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Disney enters the streaming war

Disney enters the streaming war

November 25, 2019

If you haven’t heard by now Disney has officially entered the streaming war. If you recall, a few years back Netflix dominated the streaming industry and virtually eliminated the need for video rental stores such as Blockbuster and Family Video. However, slowly but surely others including Hulu, HBO, and Amazon joined the race. Now Disney has introduced its own streaming service called Disney Plus.

So why Disney Plus? With all these other options, it is becoming difficult for consumers to pick just one. That has become a problem for many, and some simply retain their subscriptions to all of the streaming services which can cost over $50 per month.

When Netflix first started to dominate the market its business plan started to focus around creating Netflix “originals”. This way they could not only stream the movies and shows that they had previous contracts with but could also implement their own content, keeping it exclusive to Netflix. Other services followed until it no longer become a battle for simply exclusive content but also a battle for producing the best original content to keep consumers engaged.

The launch of Disney Plus introduces an interesting facet to the streaming game for the simple fact that they already have so much content from the past that they can easily put in their arsenal. While other services have to continue to rely on the contracts with other providers and continually create originals, Disney has entered the game with somewhat of a head start.

Already having ownership of Pixar, Marvel, Star Wars, and National Geographic to name a few, gives Disney Plus a couple key advantages, whether intentionally or not. The first and initial reaction from consumer’s especially those in their twenties and thirties has been very positive. Having exclusive ownership of these seems like a big factor in this and one of the advantages Disney Plus has over its competitors is that the service satisfies the consumers quench of nostalgia. This is why I believe that the service is so popular among millennials and college students. All of the shows and movies that Disney was able to immediately give to subscribers of Disney Plus were the shows and movies that this generation grew up on.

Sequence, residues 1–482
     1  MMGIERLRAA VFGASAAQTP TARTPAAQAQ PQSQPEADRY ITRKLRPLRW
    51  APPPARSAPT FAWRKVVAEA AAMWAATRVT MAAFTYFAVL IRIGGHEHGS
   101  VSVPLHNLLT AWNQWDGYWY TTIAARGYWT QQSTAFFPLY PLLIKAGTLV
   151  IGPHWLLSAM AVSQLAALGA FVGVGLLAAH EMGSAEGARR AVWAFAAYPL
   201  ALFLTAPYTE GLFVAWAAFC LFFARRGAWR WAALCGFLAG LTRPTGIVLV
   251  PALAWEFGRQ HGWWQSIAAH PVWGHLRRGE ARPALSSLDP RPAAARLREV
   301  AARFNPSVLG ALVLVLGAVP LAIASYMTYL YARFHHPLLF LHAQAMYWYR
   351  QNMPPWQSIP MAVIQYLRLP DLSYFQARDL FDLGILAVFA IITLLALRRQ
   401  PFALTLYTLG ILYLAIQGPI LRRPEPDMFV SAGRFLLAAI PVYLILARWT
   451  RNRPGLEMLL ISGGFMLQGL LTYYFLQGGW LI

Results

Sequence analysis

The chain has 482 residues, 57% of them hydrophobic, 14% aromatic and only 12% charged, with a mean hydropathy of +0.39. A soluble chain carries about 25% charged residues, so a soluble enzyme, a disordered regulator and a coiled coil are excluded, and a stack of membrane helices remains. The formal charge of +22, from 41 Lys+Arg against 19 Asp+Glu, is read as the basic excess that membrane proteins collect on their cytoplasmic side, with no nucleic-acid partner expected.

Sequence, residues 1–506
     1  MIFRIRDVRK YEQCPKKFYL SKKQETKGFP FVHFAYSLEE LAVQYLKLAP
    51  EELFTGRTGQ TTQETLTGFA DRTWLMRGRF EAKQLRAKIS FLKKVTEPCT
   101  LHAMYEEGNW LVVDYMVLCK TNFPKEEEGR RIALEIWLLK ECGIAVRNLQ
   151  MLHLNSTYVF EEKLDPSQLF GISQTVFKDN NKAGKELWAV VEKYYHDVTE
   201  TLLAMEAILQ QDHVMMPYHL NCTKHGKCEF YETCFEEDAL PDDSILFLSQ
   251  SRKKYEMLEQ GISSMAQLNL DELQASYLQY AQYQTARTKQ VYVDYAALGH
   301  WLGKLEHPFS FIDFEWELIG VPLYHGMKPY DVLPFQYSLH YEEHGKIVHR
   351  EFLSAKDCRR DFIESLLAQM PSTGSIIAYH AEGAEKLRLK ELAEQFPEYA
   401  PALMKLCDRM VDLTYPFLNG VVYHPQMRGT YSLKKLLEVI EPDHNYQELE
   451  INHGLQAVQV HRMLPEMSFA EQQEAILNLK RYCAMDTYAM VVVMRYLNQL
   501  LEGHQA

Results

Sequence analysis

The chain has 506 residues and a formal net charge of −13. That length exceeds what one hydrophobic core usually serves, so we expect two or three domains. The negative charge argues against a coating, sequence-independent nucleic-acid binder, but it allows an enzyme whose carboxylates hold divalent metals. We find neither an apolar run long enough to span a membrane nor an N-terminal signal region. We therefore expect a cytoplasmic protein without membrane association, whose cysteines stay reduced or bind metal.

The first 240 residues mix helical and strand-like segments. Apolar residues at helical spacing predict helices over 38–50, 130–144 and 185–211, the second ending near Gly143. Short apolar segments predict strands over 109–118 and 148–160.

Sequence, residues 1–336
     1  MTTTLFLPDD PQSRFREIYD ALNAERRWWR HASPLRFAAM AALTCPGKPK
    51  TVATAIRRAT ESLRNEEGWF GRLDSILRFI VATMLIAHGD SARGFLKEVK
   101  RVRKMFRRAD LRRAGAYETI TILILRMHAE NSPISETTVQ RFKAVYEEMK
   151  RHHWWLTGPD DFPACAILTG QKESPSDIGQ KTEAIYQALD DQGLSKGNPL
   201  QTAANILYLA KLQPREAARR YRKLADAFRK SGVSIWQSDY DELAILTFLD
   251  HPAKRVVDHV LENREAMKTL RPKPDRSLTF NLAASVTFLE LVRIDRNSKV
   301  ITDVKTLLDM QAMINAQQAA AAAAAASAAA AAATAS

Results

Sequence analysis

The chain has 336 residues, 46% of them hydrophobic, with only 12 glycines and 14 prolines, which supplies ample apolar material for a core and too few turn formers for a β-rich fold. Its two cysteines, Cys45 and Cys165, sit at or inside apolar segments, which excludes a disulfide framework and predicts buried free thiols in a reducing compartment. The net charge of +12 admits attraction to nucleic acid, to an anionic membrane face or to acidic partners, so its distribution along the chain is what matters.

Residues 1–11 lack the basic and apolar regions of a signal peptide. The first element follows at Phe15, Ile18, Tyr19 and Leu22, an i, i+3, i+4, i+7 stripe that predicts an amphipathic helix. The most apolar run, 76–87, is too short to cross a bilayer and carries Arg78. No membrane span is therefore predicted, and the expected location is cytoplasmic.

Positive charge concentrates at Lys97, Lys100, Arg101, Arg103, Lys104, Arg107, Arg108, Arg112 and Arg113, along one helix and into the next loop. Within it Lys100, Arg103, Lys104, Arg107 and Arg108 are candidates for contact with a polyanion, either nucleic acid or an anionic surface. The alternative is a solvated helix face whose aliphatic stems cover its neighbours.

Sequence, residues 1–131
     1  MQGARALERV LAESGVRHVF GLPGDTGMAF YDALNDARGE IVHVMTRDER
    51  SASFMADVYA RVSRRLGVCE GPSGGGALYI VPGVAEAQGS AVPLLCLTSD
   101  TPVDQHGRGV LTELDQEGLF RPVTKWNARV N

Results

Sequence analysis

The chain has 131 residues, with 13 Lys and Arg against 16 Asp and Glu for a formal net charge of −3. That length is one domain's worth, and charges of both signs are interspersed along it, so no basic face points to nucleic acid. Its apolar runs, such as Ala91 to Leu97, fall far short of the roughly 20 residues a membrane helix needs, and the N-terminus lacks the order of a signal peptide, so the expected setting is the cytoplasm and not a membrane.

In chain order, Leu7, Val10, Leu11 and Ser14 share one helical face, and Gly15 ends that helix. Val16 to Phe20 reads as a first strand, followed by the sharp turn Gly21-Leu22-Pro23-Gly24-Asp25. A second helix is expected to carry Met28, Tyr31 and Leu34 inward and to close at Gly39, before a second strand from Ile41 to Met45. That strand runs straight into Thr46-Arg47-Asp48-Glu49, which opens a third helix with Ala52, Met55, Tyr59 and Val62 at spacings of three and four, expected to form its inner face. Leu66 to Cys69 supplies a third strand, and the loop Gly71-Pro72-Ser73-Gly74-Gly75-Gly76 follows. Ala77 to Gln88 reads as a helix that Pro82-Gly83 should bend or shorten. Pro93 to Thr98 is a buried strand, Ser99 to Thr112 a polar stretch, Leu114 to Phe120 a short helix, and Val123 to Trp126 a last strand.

Original movies such as The Lion King, Beauty and the Beast, and Cinderella that captivated a generation years ago have come back on to the scene and again have intrigued a large audience.

Another audience that Disney has easily gripped are those who are drawn to major entertainment franchises such as Marvel and Star Wars. Series’ such as these tend to have mega fans that are willing to pay $6.99 per month simply to indulge in the entire series of their favorite sagas at will.

When talking to other students on what streaming service they prefer it seems that for the meantime Disney Plus is favored. When talking to current University of Minnesota student and Disney Plus subscriber Austin Erickson on why he prefers Disney he said “Well, Netflix has kind of gotten old, they still do a good job on making new content but having the option to watch some of the old shows and movies that Disney Plus has to offer is definitely worth the price.”

Disney Plus offers their basic subscription for $6.99 per month or you can upgrade to their bundle and receive Disney Plus which comes with Hulu and ESPN+ for $12.99 per month. Verizon has also teamed up with Disney and are offering a free Disney Plus subscription for Verizon unlimited plan members.

It is also important to mention that even though Disney can rely heavily on gaining subscriptions through the interest of re-watching old movies and shows, their business plan also revolves around introducing new shows some of which are inspired by past success. For example, “The Mandalorian” which is a new T.V. series in the Star Wars franchise has been one of the more engaging shows in the first few weeks of Disney Plus.

We’ll have to wait and see if the hype about Disney Plus can be sustained and compete with the other major streaming services long-term. As for now it seems that this could be a likely outcome especially with the high interest from millennials and Gen Z.

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